The Similkameen has long been recognized as a region that combines a tremendous diversity of habitats with unique species, many of which are found nowhere else in British Columbia or elsewhere in Canada. The Similkameen and Okanagan Valley also has more species of plants and animals living here than in most areas of BC or Canada. But it is now one of the four most endangered ecosystems in Canada. The unique characters of this ecosystem are centred on the low elevation grasslands and dry forests, habitat areas most desired to use for agriculture or housing.
The low elevation grasslands cover about one quarter of the South Okanagan landscape, but 81 percent of the agricultural and urban developments have taken place here. These developments have altered more than 60 percent of the grasslands and shrub habitats of this zone, and only 9 percent are in a relatively undisturbed state. Roughly 85 percent of wetland and stream-side habitats have been lost.
The South Okanagan and Lower Similkameen area
The South Okanagan ecosystem area extends over a land area of approximately 159,000 hectares from Naramata and Summerland south to the United States border and east to Keremeos.
The southern end of the Okanagan Valley in Canada represents the northernmost extension of the Western Great Basin of North America. Low annual precipitation, hot summers, and mild winters create a varity of semi-arid habitats. The dry grasslands and open pine forests of the Okanagan have served as a vital landscape corridor between the shrub-steppe habitats of the Columbia Basin in Washington and Oregon and the grasslands of the Thompson and Nicola valleys to the north and west.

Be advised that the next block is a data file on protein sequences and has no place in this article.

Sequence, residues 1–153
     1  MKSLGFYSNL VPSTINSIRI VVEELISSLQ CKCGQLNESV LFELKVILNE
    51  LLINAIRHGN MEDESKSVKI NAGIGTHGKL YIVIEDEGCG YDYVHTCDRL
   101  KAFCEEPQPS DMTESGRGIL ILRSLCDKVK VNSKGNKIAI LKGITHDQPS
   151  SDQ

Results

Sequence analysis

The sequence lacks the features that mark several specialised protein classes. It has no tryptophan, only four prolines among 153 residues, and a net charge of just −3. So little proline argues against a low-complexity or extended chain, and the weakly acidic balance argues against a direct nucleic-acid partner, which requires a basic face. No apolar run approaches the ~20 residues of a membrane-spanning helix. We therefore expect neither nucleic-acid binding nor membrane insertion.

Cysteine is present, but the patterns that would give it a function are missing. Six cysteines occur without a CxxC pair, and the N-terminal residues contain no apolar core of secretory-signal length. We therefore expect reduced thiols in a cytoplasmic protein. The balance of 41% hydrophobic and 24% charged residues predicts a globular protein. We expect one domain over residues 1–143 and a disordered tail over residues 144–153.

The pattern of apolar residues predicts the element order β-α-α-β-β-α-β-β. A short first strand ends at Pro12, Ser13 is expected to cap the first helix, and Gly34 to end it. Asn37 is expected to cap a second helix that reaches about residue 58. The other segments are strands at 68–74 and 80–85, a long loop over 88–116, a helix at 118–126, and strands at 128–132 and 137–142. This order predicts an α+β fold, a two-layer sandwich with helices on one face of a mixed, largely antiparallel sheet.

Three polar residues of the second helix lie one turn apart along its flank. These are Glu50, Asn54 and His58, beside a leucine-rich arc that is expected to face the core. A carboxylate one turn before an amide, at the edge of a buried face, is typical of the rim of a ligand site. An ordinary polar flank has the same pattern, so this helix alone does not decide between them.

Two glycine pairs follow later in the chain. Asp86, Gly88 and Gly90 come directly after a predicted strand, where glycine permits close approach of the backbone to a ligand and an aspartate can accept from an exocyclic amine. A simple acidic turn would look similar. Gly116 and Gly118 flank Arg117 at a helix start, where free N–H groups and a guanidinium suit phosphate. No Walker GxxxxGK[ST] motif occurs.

The area lies within the Southern Interior Ecoprovince, the only ecoprovince in British Columbia that is part of the Dry Ecodomain and Semi-arid Steppe Highland Ecodivision.
The Okanagan Valley lies like the neck of an hourglass between the vast boreal forests to the north and the Great Basin deserts to the south. This critical position, when combined with the altitudinal range in the valley, the chain of large lakes, and the flow of moist air off the Pacific at high elevations, produces an abundance of animal and plant species found in few other places in Canada or even North America.
Desert-like grasslands in the valley bottom are bordered on one side by rich marshes and moist cottonwood and birch woodlands, on the other by towering cliffs and hillsides covered with ponderosa pine forests. As you move upward, these forests change to Douglas-fir, larch, lodgepole pine, spruce and subalpine fir, and finally to alpine tundra.
Many species reach their southern or northern limits in the Okanagan. Populations at the end of their species' ranges are usually genetically diverse, since they are meeting greater challenges in habitat, climate and competitors. This genetic diversity is very important to the overall health of species' populations, and is critical to their survival in times of environmental change; it is also an integral part of the biodiversity of the Okanagan.
Thus, the Okanagan has long been recognized as a site that combined a tremendous diversity of life with an impressive list of species. About 190 species of birds breed in the Okanagan. Not only is this almost half the Canadian total, but it is probably the highest total for any area of similar size in Canada, and close to the highest in United States and Canada.